Unless you always pay attention to city government regularly you might find recent deliberations regarding Joliet’s City Manager position somewhat troubling. Watching the Joliet City Council debate the issue has been a real head spinner the last few months. According to all accounts, and the personal affirmations of several Council members, they are all on board for the betterment and advancement of the City of Joliet. Maybe, but there is one city issue they all seem to be struggling with. To wit, who will be the next City Manager? It all began quite innocently two years ago with the public announcement that then City Manager Jim Hock was going for retirement and the search was on for his replacement. City Attorney, Marty Shanahan, served as interim City Manager until a replacement was hired. The City Council employed a recruiting firm to locate the most qualified individual available. After a relatively short search, the council chose an individual with all the qualifications desired in a City Manager. His name was David Hales. Hales lasted less than a year and left a trail of woe and a hefty financial settlement as well. Shanahan again stepped in as the interim manager but this time the Mayor wanted to skip the recruiting process and hire him as permanent City Manager. A majority of the City Council objected, Shanahan was removed as interim manager again and Steve Jones, who was, according to his job description, the Assistant City Manager (don’t ask, it’s too confusing). He took over as Interim City Manager. He really didn’t want the job, so the Council members who didn’t want Shanahan decided to offer the interim job to former City Manager Jim Hock, who decided he didn’t want to be retired anymore. He wanted too much money, however, and the City Council decided not to hire him. The recruiting firm who brought Hales to Joliet was contacted about the dilemma facing the Council’s city manager issue and advised the Council to wait at least six months before searching for a new city manager. The recruiting firm offered a reduction in their fee if they were hired again for the search because Hales didn’t last a full year on the job. Probably part of their guarantee, I guess.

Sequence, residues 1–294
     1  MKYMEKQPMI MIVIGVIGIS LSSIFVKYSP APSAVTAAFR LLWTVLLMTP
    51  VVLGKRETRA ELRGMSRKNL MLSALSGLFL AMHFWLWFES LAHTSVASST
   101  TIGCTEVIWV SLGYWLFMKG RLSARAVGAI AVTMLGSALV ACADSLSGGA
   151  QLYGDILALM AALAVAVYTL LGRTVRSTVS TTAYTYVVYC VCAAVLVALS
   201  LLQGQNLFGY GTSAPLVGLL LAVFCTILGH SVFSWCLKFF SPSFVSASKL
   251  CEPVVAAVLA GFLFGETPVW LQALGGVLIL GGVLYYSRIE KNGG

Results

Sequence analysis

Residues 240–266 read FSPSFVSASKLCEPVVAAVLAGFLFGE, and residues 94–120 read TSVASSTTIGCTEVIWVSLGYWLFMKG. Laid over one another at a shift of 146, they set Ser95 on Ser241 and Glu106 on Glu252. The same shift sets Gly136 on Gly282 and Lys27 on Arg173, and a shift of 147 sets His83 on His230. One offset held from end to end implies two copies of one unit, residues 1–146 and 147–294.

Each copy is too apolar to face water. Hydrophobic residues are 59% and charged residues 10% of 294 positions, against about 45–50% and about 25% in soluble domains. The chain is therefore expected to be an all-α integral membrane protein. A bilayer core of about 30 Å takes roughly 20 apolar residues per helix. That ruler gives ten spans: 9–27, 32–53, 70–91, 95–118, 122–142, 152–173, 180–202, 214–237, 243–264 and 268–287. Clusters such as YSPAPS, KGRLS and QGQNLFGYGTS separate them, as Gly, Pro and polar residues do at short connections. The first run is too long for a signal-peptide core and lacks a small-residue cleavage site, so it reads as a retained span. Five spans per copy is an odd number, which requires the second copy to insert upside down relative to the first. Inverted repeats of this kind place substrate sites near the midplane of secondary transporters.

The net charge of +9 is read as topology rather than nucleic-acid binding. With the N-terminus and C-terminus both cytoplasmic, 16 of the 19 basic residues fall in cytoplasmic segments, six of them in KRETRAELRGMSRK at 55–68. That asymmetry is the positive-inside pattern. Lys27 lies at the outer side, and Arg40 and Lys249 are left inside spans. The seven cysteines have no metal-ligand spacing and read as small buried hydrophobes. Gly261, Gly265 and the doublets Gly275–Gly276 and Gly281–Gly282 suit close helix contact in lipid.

A few weeks back I questioned whether our Joliet government was a sugar-daddy based on the many requests it receives from organizations needing revenue beyond their means. One that was mentioned was the Joliet Public Library. The Library Board has developed a plan for the renovation of the downtown facility. It’s called Project Burnham. Preliminary plans will be presented to the Joliet City Council at the August 19 Pre-Council meeting of the City Council. Following the presentation will be the request for the additional $6.5 million necessary to complete the $10.5 million renovation. According to the library’s website, planning for the project began in 2015 when the board created a master plan for the renovation and made it a top priority. Since the Joliet Public Library is part of the City of Joliet government, the board has no authority to actually levy taxes for the project even though there is a separate levy on the property tax bill. The tax levy is primarily an accounting measure designed to keep the library from spending beyond the levy. Any additional dollars needed for expansion and renovations need the cooperation of the City Council, which has the final say on the levy. There apparently was planning for the renovation prior to 2008, but the recession put the idea on hold. At that time gaming revenue was still a factor in City finances but that has since changed. When Megan Millen, current Library Director, began championing the idea it was seen as part of a “grand renaissance” of the downtown. The new JJC campus building was open and the Will County courthouse project was underway to reality. Beyond that, the revitalization of Joliet’s downtown is largely dependent on private sector development dollars with the help of expanded Tax Increment Financing (TIF) districts.